The first single-family Passivhaus in the U.S. was completed by Katrin Klingenberg in 2004. Klingenberg’s superinsulated home in Urbana, Illinois includes two unusual features: a ventilation system that pulls fresh outdoor air through a buried earth tube, and walls that include an interior layer of OSB. These details were not invented by Klingenberg; she adopted practices that were commonly used by European Passivhaus builders.
Although many North American designers have copied Klingenberg’s details, earth tubes are beginning to fall out of favor. Yet even in 2012, earth tubes are still being promoted by some Passivhaus builders.
By December 2007, when I first interviewed Dr. Wolfgang Feist, the director of the Passivhaus Institut, Feist was no longer recommending earth tubes. When I asked Feist whether earth tubes in Europe had experienced problems with condensation and mold, he answered, “There were problems in northern Europe, especially in Scandinavia. In Central Europe we haven’t had any hygienic problems so far. Actually, I’m not sure why we don’t have these problems in Central Europe. But I don’t advertise these systems any more, mainly because they are too expensive.”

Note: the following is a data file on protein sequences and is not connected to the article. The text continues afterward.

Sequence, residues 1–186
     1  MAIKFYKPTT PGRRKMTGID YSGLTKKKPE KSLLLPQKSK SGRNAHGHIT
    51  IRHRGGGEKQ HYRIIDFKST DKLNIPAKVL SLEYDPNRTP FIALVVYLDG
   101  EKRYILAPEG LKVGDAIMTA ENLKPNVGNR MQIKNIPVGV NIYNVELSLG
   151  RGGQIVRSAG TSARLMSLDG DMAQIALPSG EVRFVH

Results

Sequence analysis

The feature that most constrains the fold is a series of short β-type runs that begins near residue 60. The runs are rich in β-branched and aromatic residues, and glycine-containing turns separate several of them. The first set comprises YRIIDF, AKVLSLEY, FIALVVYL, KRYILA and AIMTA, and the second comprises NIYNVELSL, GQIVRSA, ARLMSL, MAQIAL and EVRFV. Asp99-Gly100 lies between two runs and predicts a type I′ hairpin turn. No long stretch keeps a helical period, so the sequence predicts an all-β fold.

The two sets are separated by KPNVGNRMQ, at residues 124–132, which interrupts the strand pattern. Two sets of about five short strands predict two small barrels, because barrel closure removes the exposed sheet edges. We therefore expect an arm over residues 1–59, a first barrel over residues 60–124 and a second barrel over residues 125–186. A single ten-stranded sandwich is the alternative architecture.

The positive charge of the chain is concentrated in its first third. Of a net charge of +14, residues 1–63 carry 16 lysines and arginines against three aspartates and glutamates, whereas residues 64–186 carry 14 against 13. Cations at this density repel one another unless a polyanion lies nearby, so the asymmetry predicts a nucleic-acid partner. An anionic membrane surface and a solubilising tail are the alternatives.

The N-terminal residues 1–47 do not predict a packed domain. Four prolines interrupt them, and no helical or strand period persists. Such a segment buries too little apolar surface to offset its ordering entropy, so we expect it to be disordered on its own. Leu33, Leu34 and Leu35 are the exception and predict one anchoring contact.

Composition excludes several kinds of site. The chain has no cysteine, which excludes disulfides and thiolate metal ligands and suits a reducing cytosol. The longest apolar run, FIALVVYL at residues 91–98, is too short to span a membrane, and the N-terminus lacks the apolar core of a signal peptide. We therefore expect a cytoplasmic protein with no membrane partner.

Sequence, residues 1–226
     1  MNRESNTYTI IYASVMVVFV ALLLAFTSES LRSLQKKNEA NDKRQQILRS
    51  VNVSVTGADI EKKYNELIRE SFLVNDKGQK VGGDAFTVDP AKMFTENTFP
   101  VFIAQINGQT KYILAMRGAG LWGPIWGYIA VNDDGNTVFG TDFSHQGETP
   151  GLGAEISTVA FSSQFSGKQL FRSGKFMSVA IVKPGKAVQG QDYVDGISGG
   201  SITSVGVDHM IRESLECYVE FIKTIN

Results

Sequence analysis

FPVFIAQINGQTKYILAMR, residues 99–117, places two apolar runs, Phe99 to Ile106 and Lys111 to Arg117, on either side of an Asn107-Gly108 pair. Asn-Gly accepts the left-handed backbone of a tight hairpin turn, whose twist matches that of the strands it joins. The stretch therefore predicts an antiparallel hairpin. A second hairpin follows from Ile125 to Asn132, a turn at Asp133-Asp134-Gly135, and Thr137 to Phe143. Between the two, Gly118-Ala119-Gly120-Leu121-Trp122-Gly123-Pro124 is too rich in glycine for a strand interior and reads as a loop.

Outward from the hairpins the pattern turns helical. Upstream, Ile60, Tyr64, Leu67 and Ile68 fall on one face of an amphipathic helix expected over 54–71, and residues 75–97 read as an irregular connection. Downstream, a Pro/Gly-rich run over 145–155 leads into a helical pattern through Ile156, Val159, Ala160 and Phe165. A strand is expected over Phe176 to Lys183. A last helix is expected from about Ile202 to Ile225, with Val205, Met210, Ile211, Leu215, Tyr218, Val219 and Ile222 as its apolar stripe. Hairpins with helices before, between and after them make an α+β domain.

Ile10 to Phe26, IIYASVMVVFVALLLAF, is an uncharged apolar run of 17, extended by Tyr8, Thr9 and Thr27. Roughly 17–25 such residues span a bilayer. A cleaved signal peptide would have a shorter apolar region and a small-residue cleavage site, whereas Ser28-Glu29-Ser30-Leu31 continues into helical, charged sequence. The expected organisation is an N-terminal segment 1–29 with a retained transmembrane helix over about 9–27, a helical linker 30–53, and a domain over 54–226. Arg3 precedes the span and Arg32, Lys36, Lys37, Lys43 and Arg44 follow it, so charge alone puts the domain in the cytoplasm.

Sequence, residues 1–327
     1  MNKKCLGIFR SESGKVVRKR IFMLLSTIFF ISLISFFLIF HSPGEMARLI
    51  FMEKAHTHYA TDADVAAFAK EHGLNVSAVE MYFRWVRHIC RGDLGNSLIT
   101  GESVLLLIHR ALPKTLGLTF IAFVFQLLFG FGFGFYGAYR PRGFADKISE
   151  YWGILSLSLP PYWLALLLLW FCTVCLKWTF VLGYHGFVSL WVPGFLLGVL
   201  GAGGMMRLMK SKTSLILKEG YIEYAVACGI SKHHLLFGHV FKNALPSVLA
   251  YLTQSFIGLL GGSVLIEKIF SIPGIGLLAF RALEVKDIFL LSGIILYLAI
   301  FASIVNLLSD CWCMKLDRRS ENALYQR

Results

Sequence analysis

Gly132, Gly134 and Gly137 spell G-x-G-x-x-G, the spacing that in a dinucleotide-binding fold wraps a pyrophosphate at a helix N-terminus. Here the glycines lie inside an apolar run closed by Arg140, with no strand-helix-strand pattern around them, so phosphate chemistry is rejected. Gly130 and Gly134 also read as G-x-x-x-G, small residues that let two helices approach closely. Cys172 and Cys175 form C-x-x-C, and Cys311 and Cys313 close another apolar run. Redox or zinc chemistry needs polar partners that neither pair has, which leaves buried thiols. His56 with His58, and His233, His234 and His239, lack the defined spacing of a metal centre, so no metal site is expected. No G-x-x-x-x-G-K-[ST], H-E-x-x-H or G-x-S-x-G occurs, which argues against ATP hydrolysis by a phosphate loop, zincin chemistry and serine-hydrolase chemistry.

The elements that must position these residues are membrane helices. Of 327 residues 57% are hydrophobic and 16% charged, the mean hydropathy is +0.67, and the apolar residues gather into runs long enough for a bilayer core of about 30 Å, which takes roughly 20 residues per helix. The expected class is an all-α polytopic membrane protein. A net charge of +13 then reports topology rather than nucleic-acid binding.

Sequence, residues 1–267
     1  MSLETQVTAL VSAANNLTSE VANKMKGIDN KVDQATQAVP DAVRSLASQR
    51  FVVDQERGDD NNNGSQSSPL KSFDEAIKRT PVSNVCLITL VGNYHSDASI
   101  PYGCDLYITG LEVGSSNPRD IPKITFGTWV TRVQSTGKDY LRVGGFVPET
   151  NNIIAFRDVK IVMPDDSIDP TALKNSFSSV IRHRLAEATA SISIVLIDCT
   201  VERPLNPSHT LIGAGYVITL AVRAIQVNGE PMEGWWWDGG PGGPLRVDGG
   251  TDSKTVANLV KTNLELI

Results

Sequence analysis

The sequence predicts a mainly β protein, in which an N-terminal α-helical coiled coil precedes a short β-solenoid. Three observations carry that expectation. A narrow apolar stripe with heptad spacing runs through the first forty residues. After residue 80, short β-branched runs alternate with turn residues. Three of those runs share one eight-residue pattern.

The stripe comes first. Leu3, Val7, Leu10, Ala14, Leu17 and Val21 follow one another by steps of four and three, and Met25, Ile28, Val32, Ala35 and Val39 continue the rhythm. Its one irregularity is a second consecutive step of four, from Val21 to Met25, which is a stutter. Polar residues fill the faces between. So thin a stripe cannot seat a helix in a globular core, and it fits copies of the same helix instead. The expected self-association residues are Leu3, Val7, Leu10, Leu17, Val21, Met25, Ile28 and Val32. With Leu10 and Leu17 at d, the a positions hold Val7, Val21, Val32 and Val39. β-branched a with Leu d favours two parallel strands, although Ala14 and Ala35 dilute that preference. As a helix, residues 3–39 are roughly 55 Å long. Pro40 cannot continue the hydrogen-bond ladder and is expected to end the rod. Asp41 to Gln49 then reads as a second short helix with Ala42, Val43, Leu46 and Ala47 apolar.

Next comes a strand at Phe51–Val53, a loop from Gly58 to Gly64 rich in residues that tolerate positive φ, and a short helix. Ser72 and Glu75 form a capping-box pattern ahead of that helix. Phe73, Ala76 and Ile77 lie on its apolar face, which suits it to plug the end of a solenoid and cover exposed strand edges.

European Passivhaus builders (and Klingenberg) favor the use of a superinsulated wall system with three distinguishing characteristics:
Many American Passivhaus proponents (including Albert Rooks of Small Planet Workshop) endorse this type of wall assembly. They often claim that such a wall assembly is a better choice than one with thick exterior foam, arguing that it’s best to use vapor-permeable exterior sheathing so that a wall can dry to the exterior.
Homes with earth tubes and vapor-permeable exterior sheathing can perform well — but only if the designer uses a whole-building approach that considers moisture movement from all angles. Moreover, if a builder makes installation errors, all bets are off.
A recent case…